I do have a feeling that a quarterback from Alabama that we have tested every year since he was in 10th grade may end up sharing his results publicly because he actually owns those results and the NFL does not,” Ally said.

While S-2 states that you cannot practice for their test, that’s obviously an enormous oversimplification. While they may believe you cannot train certain skills, (and they clearly do believe you can train some of these based on literature on their website), familiarity with the tests and how they work will give you an obvious leg up. Bryce Young having done this test so often will give him an enormous advantage over someone taking it for the first time. Even if the substance of the test is random, knowing how the controls operate, what the various figures look like, how the game starts and stops, and what the distractions and noise are, will be helpful. Someone taking the test for the first time has to figure out the game in addition to performing well.

On the Zierlein podcast, they also make a big deal out of just how granular their measurements can get, and how significant the difference is between a few microseconds can be. Maybe they’re right, but I’m always skeptical of extremely small time measurements. In high level swimming, they specifically do not measure to the thousandths place because differences in thickness of the paint on the side of the pool can have an impact at that level. The smaller the time frame, the more outside factors can impact the timing.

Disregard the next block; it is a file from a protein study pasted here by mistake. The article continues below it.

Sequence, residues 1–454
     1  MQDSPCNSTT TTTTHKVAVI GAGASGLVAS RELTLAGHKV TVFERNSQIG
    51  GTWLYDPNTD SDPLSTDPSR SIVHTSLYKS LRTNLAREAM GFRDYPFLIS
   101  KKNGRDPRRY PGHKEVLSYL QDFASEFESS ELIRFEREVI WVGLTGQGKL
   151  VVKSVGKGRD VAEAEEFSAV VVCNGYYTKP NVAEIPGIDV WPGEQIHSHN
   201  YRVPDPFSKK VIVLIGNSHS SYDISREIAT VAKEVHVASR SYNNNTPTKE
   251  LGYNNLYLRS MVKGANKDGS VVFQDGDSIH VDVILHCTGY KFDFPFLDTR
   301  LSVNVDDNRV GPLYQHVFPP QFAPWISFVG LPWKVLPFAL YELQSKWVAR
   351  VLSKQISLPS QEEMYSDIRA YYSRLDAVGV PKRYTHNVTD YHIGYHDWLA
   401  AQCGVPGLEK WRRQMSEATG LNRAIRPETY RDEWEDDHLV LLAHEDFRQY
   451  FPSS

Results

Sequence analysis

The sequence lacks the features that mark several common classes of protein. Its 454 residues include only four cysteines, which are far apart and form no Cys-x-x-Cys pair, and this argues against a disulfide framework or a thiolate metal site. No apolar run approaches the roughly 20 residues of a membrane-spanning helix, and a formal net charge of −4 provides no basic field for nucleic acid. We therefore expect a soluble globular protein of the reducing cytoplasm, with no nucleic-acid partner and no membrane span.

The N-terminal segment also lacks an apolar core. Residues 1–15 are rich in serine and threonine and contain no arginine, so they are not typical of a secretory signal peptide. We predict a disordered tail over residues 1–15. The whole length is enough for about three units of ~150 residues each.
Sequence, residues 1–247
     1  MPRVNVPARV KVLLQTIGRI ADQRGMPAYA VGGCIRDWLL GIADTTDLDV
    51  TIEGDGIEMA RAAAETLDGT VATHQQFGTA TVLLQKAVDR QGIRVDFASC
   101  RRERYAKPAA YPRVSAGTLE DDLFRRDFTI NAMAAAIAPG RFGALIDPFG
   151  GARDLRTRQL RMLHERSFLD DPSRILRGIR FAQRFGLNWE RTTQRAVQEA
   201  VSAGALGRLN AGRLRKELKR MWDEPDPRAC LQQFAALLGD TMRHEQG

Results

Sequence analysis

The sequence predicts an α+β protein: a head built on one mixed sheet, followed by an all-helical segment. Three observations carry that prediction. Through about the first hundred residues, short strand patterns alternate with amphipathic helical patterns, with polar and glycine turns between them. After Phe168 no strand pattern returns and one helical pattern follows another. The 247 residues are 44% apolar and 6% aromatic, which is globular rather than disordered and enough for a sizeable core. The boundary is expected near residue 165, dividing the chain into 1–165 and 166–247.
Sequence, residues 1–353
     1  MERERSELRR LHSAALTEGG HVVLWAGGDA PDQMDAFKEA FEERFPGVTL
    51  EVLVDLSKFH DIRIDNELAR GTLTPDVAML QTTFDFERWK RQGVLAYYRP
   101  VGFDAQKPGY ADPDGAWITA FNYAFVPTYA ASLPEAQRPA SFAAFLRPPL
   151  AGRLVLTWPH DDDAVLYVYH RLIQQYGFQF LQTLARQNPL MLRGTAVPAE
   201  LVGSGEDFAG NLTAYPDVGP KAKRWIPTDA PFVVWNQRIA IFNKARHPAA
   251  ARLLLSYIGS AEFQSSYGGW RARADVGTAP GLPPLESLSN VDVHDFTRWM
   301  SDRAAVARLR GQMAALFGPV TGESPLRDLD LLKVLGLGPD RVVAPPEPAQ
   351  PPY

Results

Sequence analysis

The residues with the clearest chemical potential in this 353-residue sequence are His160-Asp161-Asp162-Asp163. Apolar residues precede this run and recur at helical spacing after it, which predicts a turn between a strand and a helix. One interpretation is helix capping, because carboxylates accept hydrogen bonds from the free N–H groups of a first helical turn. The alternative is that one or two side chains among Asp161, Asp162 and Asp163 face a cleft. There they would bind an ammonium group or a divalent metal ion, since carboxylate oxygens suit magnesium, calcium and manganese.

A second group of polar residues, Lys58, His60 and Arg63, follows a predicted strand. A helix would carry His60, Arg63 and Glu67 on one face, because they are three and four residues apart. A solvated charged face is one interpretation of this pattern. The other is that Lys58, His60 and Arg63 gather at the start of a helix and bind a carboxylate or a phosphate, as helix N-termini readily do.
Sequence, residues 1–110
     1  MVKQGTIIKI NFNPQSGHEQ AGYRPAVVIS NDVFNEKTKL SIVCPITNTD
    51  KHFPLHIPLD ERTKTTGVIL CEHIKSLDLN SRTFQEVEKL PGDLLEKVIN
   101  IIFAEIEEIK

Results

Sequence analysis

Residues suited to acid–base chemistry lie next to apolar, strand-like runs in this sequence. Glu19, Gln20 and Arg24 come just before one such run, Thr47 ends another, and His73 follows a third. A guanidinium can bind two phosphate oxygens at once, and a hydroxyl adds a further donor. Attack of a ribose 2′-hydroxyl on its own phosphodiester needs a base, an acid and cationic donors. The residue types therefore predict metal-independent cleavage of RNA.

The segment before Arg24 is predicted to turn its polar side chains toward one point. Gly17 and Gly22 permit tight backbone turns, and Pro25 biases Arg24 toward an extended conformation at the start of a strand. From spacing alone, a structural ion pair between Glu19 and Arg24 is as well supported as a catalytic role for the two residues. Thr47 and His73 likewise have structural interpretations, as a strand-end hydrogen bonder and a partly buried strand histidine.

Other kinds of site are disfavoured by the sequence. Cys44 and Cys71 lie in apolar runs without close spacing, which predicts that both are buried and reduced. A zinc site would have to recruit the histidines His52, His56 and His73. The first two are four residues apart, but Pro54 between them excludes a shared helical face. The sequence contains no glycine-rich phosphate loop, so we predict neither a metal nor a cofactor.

And finally, we don’t even know what we can and cannot trust. Maybe McGinn was lied to, but we have conflicting reports on Stroud.

Without official word from the NFL or S-2, or the quarterbacks themselves, we not only lack information, we are also incorporating actively bad information generated by the pre-draft media manipulation cycle.

There are simply too many unknowns, and too much noise to put too much stock in this. We don’t know who has taken part it in the past, and who hasn’t, and how everyone fared. We don’t know of counterexamples that may have performed poorly, but succeeded in the NFL. They use passer rating frequently on the S-2 website, which is not what I would look to for a success metric in the first place.

Finally, Eric Eager made this excellent point on the subject on Friday.

Young and Stroud have been of roughly equal value the last two seasons, even when adjusting for the disparity in surrounding talent, and strength of schedule. If this test really matters, Stroud should not have been as good in college. But he was.

The S-2 may be an interesting data point, and I’ll certainly be keeping an eye on Jake Haener’s career as he scored extremely well. But it is a small data point. Until we know more, we should take it with many large grains of salt.